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Senior Program Associate, Africa Programs

The reemergence of unconditional solidarity among Africa’s incumbent leaders is threatening respect for human rights and good governance throughout the continent. 

Staff Editor

It was reported last week that Sri Lankan president Mahinda Rajapaksa, the current chair-in-office of the 53-nation Commonwealth, may not attend the annual Commonwealth Day celebrations in London on March 10. A recent UN human rights report and data from Freedom House’s Freedom in the World survey suggest that he has good reason to avoid the spotlight.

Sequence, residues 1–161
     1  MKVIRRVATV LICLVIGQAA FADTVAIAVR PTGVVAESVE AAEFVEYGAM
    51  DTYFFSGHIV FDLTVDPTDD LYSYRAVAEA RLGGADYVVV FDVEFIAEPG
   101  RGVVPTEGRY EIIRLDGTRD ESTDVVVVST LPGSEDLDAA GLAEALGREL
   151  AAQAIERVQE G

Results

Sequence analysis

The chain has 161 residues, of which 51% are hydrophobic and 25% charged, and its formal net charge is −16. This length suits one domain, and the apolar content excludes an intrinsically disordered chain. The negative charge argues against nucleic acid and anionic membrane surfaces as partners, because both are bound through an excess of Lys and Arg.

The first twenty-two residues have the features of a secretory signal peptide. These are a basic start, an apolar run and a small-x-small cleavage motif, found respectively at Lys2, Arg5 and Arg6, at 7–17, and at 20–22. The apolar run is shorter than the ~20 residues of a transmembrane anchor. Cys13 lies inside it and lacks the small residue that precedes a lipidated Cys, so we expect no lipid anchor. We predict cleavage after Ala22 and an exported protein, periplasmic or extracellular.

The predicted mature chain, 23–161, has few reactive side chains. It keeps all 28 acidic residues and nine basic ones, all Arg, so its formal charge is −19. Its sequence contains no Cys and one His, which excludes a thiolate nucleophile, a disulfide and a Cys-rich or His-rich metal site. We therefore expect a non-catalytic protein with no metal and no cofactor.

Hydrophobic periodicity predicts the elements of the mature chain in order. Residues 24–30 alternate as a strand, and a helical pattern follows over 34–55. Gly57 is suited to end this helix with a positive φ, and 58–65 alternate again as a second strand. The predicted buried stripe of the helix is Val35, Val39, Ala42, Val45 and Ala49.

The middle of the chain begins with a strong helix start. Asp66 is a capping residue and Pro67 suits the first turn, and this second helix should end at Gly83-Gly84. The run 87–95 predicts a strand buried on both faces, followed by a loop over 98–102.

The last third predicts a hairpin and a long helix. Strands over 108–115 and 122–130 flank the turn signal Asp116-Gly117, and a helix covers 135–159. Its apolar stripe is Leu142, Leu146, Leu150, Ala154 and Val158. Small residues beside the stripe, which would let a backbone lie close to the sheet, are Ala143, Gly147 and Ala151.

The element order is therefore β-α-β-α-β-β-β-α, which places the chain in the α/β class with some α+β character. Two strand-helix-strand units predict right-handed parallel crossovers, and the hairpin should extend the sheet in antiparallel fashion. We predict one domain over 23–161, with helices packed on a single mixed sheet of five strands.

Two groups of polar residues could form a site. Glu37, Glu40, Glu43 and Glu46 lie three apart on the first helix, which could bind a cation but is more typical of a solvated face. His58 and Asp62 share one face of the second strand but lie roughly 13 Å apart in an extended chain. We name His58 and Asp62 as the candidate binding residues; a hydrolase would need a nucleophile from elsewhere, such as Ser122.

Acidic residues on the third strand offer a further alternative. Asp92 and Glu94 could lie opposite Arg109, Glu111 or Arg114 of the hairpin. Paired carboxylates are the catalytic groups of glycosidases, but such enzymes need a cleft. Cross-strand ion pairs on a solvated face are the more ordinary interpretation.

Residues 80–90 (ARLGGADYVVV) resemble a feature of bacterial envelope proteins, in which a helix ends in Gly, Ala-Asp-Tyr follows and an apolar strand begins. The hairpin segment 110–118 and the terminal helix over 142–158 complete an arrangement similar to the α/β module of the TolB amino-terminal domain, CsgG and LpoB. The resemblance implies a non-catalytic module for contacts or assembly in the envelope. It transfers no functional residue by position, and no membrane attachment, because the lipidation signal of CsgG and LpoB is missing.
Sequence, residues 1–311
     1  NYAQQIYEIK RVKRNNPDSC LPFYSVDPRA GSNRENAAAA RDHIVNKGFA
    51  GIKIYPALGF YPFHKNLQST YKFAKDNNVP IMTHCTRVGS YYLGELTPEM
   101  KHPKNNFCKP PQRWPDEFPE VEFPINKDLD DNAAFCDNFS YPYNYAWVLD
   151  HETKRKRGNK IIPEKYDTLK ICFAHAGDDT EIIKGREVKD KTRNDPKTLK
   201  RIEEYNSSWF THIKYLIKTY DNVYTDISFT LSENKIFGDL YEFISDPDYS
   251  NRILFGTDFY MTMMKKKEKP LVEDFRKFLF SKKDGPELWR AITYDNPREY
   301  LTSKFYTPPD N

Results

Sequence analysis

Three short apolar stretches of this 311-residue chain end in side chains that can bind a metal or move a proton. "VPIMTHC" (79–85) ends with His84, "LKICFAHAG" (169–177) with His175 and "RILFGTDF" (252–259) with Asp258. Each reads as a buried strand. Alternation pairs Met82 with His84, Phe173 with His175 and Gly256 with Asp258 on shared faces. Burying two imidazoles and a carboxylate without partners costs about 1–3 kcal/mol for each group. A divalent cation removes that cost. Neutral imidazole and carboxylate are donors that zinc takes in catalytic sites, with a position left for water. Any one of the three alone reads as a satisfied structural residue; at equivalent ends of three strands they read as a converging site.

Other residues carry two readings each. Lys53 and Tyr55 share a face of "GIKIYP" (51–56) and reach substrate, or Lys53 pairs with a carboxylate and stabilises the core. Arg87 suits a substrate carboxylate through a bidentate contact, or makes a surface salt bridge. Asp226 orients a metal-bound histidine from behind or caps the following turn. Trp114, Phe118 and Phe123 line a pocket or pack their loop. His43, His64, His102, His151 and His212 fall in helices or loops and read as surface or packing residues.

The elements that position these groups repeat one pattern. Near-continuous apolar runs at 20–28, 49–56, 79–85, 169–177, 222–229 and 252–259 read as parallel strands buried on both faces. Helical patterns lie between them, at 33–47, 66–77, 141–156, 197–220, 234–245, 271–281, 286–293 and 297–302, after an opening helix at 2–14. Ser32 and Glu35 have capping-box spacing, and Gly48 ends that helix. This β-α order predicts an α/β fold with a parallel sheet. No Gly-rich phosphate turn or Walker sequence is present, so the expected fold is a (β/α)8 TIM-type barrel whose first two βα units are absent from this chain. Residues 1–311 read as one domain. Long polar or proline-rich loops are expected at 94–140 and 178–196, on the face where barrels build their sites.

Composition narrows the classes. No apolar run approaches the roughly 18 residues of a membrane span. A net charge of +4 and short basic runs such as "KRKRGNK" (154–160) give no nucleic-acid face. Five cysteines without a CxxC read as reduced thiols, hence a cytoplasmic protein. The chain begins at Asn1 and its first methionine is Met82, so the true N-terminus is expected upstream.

Freedom House’s latest Freedom in the World report paints a bleak picture of democracy and human rights in Africa overall, with 88 percent of the population living in countries designated either Not Free or Partly Free. Nevertheless, there were a number of small victories on the continent during 2013, even in countries where the prevailing trend remains negative.

For those aiming to promote democracy around the globe, Mandela’s life holds invaluable lessons for current and future struggles for freedom. He is renowned for his principled opposition to a racist and undemocratic regime in South Africa, but his cause was also the cause of all people who seek to uphold the universal principles of liberty and equality, anywhere in the world.




Senior Director for Program Strategy, Development and Learning and Director for Central, East and West Africa Programs

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